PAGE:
all_results.push_back(permuted); 
            for (size_t j=1; j<repeat_times; ++j)
            {
                std::next_permutation(permuted.begin(), permuted.end());
                // do your work on the permuted result, instead of pushing to vector
                all_results.push_back(permuted); 
            }
        });
        th.join();

        index_to_find += repeat_times;
    }
}

I skip the output here, I have verified they are the same as generated by single threaded next_permutation.

Single Threaded Combination

Next, we have come to next_combination section. To compute the total combination count, we use compute_total_comb. total must be of type that is large enough to store the factorial(n).

void usage_of_next_comb()
{
    std::string original_text = "123456";
    std::string std_combined = "123";
    uint64_t total = 0;
    if(concurrent_comb::compute_total_comb(original_text.size(), std_combined.size(), total))
    {
        std::cout << std_combined << std::endl;
        for (uint64_t i = 1; i < total; ++i)
        {
            stdcomb::next_combination(original_text.begin(), original_text.end(), std_combined.begin(), std_combined.end());
            std::cout << std_combined << std::endl;
        }
    }
}

Output is follows. If your collection is sorted like original_text, all generated combination will be sorted as well, as you can see below.

123
124
125
126
134
135
136
145
146
156
234
235
236
245
246
256
345
346
356
456

Multi-Threaded Combination

index_to_find must be of type that is large enough to store the factorial(n) and vector_type can be any collection type that supports push_back() and size() methods, like std::string. Similar to find_perm_by_idx mentioned above, it is possible to find all combinations with find_comb_by_idx but it is much slower compared to next_combination, so we resort to next_combination to find the rest of combinations. There are total of 20 combinations, so each of the 4 thread will find 20/4=5 combinations. Actually, each thread will find 5-1=4 combination, because the 1st one is already computed by find_comb_by_idx in the main thread and passed to the thread.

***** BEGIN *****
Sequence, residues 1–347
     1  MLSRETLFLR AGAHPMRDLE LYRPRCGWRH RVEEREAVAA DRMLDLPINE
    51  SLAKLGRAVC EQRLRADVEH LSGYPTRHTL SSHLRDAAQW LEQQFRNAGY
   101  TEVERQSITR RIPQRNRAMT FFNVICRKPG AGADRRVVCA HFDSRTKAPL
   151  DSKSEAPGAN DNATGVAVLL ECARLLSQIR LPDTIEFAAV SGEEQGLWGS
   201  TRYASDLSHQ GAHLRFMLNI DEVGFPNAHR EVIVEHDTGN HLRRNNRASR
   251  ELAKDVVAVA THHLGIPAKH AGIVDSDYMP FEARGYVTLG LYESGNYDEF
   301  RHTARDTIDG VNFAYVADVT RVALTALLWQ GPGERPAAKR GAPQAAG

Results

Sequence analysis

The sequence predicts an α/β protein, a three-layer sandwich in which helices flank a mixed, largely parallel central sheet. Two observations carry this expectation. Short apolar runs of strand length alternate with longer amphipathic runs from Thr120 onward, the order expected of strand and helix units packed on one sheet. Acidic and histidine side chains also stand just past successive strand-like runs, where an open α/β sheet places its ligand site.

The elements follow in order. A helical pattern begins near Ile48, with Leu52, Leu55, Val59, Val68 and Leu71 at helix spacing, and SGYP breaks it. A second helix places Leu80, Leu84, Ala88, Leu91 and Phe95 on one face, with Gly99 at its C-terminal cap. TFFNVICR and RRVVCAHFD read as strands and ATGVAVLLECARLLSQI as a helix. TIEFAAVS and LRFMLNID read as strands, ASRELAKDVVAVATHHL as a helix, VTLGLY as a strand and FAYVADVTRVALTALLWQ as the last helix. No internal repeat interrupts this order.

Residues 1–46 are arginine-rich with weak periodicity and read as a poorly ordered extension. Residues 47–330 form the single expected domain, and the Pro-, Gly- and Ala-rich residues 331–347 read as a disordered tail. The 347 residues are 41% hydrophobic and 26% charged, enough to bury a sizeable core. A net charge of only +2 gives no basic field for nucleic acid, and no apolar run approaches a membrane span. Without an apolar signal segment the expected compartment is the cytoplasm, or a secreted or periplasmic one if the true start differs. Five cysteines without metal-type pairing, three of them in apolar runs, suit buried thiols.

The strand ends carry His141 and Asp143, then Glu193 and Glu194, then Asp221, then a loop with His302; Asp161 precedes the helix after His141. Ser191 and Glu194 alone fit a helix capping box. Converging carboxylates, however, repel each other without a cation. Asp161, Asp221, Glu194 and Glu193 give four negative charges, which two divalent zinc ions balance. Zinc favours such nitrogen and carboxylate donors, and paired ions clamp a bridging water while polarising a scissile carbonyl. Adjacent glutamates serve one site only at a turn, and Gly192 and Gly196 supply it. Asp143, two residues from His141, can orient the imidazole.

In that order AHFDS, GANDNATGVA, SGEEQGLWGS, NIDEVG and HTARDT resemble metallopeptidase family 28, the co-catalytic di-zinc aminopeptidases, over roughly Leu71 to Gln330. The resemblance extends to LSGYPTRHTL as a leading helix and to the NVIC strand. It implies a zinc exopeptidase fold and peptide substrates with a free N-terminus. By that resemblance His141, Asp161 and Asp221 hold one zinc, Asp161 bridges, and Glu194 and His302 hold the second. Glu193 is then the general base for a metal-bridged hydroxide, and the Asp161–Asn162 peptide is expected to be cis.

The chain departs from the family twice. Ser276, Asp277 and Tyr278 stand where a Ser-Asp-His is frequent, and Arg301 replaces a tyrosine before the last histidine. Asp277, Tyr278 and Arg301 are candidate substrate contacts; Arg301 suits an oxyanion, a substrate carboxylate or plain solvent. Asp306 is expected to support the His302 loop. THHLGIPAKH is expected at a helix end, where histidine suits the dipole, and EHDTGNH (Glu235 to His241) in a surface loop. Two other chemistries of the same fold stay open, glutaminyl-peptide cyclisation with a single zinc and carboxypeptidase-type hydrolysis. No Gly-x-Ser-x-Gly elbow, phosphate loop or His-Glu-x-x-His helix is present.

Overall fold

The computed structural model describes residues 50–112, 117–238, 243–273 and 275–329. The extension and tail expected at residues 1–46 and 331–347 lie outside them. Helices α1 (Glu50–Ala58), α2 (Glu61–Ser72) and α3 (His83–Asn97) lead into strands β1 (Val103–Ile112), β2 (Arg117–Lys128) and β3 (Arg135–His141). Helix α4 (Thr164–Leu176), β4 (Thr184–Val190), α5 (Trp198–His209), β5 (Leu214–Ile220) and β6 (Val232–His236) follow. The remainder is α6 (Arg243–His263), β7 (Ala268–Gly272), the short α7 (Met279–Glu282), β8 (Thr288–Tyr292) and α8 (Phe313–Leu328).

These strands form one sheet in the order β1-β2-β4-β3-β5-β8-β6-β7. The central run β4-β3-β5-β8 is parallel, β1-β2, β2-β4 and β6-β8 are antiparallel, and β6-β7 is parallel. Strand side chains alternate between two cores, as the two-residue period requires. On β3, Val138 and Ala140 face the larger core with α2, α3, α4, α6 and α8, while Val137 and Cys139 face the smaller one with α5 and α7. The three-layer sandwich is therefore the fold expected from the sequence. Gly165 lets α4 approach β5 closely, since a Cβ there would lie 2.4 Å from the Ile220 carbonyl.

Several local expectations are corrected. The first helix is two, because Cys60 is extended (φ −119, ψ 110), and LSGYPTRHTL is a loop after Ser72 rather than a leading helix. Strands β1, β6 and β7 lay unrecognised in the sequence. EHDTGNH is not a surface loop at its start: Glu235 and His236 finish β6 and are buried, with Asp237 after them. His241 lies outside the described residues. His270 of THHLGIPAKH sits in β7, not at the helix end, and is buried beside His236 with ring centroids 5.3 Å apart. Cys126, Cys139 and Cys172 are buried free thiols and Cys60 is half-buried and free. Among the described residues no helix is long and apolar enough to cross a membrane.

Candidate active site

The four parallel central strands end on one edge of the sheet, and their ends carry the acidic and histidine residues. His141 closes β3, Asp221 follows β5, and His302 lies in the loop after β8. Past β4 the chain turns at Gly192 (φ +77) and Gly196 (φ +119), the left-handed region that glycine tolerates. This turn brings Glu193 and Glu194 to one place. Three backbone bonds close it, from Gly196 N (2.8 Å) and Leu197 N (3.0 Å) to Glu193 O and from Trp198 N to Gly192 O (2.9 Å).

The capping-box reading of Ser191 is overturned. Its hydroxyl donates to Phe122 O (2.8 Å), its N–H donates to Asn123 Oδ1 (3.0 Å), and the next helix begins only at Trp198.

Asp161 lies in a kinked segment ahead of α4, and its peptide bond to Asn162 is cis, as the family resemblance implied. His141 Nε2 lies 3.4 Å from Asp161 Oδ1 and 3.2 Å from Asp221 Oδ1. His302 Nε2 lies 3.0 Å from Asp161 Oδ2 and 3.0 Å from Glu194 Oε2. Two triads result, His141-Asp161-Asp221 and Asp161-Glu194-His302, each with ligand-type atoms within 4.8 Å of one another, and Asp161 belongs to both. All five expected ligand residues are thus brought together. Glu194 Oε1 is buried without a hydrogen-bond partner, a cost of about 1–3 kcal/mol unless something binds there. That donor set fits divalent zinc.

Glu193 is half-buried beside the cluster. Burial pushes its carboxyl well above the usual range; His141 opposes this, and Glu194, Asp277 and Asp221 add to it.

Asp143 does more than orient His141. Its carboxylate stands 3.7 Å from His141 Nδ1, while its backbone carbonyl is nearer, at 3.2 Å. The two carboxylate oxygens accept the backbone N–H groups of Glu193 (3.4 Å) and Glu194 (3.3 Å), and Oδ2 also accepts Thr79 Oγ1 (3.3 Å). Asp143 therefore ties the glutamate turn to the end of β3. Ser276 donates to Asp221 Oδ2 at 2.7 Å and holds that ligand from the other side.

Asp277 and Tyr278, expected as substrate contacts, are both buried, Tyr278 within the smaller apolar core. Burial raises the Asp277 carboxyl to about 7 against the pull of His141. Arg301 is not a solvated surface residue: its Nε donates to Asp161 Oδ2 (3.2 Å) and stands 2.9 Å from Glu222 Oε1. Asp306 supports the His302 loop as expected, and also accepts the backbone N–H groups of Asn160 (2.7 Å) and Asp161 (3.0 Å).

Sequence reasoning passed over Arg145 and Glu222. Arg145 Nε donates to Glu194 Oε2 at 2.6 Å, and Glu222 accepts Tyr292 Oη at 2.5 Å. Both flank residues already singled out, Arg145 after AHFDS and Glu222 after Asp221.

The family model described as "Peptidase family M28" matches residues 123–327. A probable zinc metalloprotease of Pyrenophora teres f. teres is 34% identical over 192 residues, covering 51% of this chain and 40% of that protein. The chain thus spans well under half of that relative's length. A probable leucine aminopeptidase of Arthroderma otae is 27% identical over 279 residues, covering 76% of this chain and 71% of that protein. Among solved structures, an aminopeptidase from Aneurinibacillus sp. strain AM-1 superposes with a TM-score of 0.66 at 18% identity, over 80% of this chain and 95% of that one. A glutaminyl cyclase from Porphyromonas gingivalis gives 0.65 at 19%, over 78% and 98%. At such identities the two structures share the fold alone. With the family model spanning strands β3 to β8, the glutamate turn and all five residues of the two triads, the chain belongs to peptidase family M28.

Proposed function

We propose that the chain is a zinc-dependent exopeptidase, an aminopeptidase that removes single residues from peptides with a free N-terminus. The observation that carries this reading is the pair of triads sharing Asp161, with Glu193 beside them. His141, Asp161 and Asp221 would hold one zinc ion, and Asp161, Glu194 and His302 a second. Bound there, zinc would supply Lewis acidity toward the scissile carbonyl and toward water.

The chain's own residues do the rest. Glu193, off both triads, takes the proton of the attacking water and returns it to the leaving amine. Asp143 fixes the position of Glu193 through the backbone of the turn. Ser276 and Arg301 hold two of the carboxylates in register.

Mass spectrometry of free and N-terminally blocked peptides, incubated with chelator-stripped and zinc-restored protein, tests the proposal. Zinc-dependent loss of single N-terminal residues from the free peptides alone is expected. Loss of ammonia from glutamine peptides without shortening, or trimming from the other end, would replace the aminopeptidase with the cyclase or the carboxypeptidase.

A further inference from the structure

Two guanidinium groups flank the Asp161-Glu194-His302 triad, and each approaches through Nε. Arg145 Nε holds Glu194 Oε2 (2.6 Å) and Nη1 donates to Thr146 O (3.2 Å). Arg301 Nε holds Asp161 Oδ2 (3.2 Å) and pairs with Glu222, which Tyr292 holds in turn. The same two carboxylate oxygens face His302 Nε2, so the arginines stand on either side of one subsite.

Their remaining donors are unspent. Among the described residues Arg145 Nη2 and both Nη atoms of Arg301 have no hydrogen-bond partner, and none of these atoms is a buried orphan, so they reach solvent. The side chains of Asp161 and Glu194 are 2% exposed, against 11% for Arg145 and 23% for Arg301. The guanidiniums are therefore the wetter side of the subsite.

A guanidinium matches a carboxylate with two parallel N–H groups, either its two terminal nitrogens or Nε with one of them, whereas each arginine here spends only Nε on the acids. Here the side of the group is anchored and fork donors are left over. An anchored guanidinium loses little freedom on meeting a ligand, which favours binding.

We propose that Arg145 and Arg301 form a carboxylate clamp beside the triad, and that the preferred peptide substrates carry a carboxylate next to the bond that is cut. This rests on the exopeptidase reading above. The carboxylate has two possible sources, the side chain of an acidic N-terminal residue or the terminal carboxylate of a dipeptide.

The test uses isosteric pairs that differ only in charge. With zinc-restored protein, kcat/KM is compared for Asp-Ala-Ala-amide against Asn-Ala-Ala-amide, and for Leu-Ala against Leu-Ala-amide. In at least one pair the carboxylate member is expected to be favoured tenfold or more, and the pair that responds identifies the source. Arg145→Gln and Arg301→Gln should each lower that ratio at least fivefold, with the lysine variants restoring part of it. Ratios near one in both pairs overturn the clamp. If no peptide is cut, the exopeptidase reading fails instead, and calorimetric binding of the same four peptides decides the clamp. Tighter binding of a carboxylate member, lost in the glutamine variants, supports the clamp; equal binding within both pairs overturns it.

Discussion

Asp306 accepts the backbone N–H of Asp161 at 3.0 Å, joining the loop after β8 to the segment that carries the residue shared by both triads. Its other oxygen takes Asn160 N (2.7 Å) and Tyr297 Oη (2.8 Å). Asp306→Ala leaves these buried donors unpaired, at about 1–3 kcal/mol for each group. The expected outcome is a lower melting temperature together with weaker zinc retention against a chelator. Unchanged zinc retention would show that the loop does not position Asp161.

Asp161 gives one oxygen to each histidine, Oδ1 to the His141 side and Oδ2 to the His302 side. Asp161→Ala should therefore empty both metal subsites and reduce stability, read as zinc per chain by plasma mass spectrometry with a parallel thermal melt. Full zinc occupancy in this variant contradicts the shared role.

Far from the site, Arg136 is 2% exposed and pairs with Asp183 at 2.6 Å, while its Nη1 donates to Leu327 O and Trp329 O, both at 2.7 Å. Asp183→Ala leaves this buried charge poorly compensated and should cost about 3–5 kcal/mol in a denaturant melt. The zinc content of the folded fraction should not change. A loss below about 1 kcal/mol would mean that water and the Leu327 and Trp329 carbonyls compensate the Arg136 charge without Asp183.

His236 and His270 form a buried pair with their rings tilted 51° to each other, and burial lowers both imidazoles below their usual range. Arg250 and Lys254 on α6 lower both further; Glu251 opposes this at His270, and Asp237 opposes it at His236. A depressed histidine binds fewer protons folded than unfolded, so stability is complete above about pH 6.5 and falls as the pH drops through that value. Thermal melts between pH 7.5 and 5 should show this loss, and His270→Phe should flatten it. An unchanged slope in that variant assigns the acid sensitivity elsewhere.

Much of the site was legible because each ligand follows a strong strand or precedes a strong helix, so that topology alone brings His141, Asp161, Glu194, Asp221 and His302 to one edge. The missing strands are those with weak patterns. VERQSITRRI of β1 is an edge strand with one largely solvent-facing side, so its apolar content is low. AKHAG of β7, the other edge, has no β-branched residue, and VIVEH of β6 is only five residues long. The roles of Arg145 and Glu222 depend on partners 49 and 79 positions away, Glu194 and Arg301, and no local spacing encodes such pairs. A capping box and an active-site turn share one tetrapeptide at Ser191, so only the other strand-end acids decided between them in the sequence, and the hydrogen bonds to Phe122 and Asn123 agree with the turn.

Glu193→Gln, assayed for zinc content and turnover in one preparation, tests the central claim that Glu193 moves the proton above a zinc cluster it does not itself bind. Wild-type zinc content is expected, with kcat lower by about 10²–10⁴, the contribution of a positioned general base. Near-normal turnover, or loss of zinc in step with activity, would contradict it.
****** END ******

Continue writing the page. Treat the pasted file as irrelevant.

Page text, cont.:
template<typename int_type, typename vector_type>
vector_type find_comb_by_idx(const uint32_t subset,
	int_type index_to_find,
	vector_type& original_vector);

void usage_of_comb_by_idx()
{
    uint64_t index_to_find = 0;
    std::string original_text = "123456";
    std::string std_combined = "123";
    std::vector all_results;
    size_t repeat_times = 5;
    for (size_t i = 0; i < 4; ++i)
    {
        std::string combined = concurrent_comb::find_comb_by_idx(std_combined.size(), index_to_find, original_text);

        std::thread th([original_text, combined, &all_results, repeat_times] () mutable {

            // do your work on the combined result, instead of pushing to vector
            all_results.push_back(combined);
            for (size_t j = 1; j < repeat_times; ++j)
            {
                stdcomb::next_combination(original_text.begin(), original_text.end(), combined.begin(), combined.end());
                // do your work on the combined result, instead of pushing to vector
                all_results.push_back(combined);
            }
        });
        th.join();

        index_to_find += repeat_times;
    }
}

Output is skipped here, afterall I have verified they are the same as generated by single threaded next_combination.

 

Leave a Reply

Fill in your details below or click an icon to log in:

WordPress.com Logo

You are commenting using your WordPress.com account. Log Out /  Change )

Google+ photo

You are commenting using your Google+ account. Log Out /  Change )

Twitter picture

You are commenting using your Twitter account. Log Out /  Change )

Facebook photo

You are commenting using your Facebook account. Log Out /  Change )

w

Connecting to %s

%d bloggers like this:
search previous next tag category expand menu location phone mail time cart zoom edit close